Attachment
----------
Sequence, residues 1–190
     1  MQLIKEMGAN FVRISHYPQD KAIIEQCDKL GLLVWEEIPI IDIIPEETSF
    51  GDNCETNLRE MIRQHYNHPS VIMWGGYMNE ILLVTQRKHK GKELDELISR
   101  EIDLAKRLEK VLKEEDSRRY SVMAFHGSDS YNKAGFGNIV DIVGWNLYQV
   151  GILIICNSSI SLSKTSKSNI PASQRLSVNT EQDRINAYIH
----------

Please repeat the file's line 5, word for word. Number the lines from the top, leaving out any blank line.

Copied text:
   151  GILIICNSSI SLSKTSKSNI PASQRLSVNT EQDRINAYIH